The stories provide insights into what capabilities unions need to build successful alliances and make them last. One recurring issue and success factor is that unions should be autonomous vis-à-vis their partners.

Union confederations in Brazil


UGTT Tunisia

South Africa


Transforming unions towards new horizons

Internal political processes are changing unions and enable them to embark on previously uncovered territory.

The story of the Brazilian National Confederation CUT makes yet another compelling argument for women empowerment, which make unions stronger and more relevant to society. The stories of the ASEAN Service Employees Trade Union Council (ASETUC) and the Trade Union Confederation of the Americas (TUCA) show how unions represent the interest of their members at the regional level. Furthermore, the Vietnam General Confederation of Labour (VGCL) and the National Union of Metalworkers of South Africa (NUMSA) are working on deep structural changes that, if successful, will reshape the face and identity of the unions. Malaysia’s MTUC has also opened a new chapter by representing migrant workers’ interests. In Honduras, the deepening of internal democracy allows the teachers’ union to withstand political repression and stay true to its mission.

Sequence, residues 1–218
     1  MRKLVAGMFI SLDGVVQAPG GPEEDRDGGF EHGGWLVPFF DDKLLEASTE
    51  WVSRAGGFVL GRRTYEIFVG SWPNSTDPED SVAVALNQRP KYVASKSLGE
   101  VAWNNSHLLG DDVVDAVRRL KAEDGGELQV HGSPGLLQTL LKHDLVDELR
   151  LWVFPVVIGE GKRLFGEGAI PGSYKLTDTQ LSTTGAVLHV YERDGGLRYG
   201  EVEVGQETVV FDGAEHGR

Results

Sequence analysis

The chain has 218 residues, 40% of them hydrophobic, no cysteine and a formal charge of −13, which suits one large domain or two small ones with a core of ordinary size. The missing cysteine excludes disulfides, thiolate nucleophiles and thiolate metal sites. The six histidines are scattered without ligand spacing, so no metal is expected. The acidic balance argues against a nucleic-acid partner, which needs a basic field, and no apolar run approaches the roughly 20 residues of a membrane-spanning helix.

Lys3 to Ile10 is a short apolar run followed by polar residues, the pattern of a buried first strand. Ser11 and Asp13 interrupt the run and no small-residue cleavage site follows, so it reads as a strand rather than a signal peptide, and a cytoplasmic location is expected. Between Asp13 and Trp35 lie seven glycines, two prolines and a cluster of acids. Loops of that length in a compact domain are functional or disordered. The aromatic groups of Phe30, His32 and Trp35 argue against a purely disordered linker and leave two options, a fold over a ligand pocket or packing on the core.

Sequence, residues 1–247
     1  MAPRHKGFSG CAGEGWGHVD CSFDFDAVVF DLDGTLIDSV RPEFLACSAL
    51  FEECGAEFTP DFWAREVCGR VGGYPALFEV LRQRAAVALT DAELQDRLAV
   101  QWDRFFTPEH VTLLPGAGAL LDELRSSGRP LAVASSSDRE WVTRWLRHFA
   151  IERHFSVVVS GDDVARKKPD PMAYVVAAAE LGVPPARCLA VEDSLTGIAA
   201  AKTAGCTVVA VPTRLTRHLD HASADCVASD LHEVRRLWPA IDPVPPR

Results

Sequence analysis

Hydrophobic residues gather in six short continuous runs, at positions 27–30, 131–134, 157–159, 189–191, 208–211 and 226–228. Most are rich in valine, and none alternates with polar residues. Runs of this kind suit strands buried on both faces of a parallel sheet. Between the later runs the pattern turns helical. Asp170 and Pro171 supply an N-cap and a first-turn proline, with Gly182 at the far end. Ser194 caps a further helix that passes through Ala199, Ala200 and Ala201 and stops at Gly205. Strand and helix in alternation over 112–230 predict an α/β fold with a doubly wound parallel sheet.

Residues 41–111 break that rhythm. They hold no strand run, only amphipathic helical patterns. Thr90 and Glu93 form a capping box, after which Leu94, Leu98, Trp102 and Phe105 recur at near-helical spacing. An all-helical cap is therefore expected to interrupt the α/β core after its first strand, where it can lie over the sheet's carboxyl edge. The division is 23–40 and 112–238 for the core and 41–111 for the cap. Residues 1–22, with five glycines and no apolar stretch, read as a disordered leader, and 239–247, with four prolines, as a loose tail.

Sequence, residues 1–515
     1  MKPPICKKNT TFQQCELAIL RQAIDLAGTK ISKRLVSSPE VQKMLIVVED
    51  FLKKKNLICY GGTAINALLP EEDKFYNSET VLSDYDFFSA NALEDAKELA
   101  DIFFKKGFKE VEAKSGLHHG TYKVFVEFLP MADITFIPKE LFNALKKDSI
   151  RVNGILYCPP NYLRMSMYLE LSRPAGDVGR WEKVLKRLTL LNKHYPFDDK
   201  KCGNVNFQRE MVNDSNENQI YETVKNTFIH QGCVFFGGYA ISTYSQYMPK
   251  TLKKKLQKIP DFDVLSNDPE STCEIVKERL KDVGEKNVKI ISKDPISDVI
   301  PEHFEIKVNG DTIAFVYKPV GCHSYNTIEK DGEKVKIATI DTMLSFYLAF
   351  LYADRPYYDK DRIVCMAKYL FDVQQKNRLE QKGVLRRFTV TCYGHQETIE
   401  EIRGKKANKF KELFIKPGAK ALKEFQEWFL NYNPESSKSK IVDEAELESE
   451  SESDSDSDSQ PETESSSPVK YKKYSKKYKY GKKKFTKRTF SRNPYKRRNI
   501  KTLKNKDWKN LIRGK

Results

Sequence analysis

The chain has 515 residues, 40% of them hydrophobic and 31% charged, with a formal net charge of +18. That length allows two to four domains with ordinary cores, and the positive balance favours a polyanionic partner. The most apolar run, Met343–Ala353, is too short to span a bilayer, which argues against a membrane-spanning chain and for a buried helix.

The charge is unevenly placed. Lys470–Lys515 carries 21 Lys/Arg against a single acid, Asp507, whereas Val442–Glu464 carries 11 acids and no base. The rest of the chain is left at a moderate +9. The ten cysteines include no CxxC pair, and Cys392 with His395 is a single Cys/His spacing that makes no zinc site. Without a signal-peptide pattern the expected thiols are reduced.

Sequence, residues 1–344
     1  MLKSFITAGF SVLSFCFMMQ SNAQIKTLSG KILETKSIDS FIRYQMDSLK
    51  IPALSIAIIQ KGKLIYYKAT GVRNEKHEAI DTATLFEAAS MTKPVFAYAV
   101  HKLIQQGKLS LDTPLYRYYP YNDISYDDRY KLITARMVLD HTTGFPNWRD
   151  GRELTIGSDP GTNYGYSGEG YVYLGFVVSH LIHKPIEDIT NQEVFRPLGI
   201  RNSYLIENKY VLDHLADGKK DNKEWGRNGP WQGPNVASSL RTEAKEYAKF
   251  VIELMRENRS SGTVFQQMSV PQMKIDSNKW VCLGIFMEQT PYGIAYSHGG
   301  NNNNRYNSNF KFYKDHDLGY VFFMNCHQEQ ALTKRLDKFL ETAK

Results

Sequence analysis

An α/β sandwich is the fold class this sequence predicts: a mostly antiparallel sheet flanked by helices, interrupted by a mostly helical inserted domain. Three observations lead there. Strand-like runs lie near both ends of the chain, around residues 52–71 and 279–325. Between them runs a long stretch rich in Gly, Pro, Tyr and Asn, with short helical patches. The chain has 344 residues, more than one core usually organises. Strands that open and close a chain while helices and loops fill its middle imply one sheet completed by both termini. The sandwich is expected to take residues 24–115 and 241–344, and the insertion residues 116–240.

CUT Brazil story



VGCL Vietnam

Forced Into a Complicated Transition
Forzados a una transición complicada
Short Story by Dong Xuan Hieu, Pham Tuan Phuc and Erwin Schweisshelm

Enhancing and Mobilizing Structural and Organisational Power to Better Protect the Rights and Interests of Workers in Vietnam
Full-length Study by Dong Xuan Hieu, Pham Tuan Phuc and Erwin Schweisshelm

NUMSA in South Africa

Malaysia’s MTUC

Honduras teachers’ union

ČMKOS' Public Campaign